“Oh, it’s perfectly fine. I’m quite used to people’s reactions. Yours is actually very mild Mister…?” She lifted a pale brown eyebrow as she used the same tactic he had.

 “Thomas Boysenberry, Miss Raspberry.”

“Raspberry-Brandon. Can’t forget my father.”

“Oh. So your mother is Miss Raspberry’s older sister?” That made sense. It wasn’t that uncommon in large families for the oldest of children to be having their first child as their parents had their last and that would explain why she had called Miss Raspberry aunt.

“Oh no. Aunt Raz raised my mother.”

Thomas blinked at her. How was that possible? Miss Raspberry looked to be the same age as Sarah- with so many Raspberrys it was simply easier to think of her by her given name. And Sarah seemed to be around the same age as he was and he was only in his late-twenties.

Sarah gave him a knowing look. “I know. It helps to just think of it as a Raspberry oddness.”

He nodded, still staring at her.

“Sarah!” Young voices called out with excitement. An answering smile appeared on Sarah’s face as she turned. Three children aging in range from seven to twelve rushed into the store, throwing themselves at Sarah’s waist. She quickly wrapped them in an answering hug.

“We’ve missed you.” One of the boys said.

“And I you.” She touched each of their faces, looking utterly delighted. Thomas smiled at the sight.

“Sarah.” Miss Raspberry, wearing the same pinkish dress she had arrived in months ago, came in, holding an additional child’s hand- this one seeming to be the youngest at around five years old. She wrapped an arm around Sarah’s shoulder, pulling her in for a hug. “How are you?”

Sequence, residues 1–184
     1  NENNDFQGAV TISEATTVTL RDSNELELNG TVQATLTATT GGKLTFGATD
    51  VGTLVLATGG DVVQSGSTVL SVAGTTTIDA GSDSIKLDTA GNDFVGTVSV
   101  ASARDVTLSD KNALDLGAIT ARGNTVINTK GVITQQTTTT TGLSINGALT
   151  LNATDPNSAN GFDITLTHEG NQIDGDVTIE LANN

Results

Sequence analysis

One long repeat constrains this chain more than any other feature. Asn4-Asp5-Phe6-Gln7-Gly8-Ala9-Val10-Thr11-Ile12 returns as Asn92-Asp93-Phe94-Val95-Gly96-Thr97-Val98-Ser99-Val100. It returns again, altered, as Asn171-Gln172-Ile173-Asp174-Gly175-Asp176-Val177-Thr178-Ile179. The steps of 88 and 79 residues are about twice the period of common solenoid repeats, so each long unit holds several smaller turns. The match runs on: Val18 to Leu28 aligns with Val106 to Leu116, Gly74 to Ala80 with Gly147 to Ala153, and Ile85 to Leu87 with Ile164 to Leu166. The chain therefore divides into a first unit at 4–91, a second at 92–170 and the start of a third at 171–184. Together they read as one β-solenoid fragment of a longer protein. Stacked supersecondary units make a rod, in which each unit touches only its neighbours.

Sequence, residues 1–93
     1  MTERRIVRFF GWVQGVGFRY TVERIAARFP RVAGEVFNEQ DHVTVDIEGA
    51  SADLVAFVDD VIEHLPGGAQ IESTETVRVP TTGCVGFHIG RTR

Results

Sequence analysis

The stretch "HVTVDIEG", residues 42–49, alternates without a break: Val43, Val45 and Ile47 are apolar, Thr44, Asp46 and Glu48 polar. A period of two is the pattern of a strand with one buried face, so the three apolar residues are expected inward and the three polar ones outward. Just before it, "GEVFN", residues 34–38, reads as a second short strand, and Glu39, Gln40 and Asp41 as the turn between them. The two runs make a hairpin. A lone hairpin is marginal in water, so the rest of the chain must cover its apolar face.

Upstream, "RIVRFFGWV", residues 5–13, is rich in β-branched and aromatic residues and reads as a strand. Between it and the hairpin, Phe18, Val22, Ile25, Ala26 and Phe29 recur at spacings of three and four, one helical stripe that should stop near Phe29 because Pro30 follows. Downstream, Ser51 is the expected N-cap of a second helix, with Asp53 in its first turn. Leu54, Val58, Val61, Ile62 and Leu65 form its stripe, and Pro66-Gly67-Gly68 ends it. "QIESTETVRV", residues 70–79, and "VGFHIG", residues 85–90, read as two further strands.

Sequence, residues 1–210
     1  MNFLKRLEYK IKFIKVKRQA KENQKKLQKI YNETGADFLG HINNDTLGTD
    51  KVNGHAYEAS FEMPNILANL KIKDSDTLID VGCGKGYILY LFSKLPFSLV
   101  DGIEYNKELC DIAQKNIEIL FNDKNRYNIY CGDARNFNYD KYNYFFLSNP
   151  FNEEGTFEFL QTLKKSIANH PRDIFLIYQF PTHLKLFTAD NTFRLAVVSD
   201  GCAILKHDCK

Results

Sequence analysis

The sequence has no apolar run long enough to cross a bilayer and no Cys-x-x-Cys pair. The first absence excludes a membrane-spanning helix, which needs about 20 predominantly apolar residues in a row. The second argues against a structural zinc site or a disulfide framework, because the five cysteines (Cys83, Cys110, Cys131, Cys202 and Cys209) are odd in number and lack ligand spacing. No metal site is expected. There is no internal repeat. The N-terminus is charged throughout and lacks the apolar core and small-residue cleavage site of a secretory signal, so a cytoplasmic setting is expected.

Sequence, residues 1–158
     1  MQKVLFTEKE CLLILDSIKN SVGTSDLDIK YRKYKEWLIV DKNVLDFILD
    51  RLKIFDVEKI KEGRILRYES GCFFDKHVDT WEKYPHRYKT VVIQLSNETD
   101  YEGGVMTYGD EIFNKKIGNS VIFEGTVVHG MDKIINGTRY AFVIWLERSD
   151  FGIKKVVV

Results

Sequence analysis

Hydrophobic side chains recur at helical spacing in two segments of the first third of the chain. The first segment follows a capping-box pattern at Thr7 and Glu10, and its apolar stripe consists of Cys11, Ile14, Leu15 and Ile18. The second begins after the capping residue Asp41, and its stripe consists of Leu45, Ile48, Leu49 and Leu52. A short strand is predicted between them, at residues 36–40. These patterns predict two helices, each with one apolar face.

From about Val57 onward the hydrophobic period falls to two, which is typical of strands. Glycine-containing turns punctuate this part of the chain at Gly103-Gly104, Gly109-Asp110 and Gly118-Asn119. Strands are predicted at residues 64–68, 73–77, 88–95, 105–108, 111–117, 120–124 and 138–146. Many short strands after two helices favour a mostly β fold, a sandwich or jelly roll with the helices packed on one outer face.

“Wonderful. Especially now that I’m here.” Sarah said. “I was just getting to know Mr. Boysenberry.” She gestured towards him.

Miss Raspberry glanced at him and then looked back at Sarah. “Regular fruit stand aren’t we?”

Sarah laughed. Thomas glanced down at the counter, working to hide his smile at the sound.

“Well come on, Lunk wants your thoughts on the school room.”

Thomas looked up. A school room?

“Lunk’s here?” Excitement filled her voice. “I haven’t seen him in forever. “

“Of course Lunk’s here.” Miss Raspberry said as Thomas asked, “Are you a teacher?” It couldn’t be that easy could it?

 “I am.” Sarah said.

The little girl holding Miss Raspberry’s hand tugged on it and said in a loud whisper, “Mrs. Grant said not to dawdle.”

“Well then,” Sarah took two of the children’s hands. “We best be going. We can’t in good conscious keep Mrs. Grant waiting.” Sarah turned her head towards him. “Good day Mr. Boysenberry. I’m sure we’ll meet again.”